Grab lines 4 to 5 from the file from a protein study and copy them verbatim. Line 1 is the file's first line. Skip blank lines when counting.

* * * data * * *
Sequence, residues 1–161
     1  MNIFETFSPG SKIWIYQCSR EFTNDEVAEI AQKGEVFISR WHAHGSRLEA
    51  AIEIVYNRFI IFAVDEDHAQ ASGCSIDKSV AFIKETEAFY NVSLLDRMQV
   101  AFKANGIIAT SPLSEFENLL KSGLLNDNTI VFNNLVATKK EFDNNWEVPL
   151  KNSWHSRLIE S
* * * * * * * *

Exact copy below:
   101  AFKANGIIAT SPLSEFENLL KSGLLNDNTI VFNNLVATKK EFDNNWEVPL
   151  KNSWHSRLIE S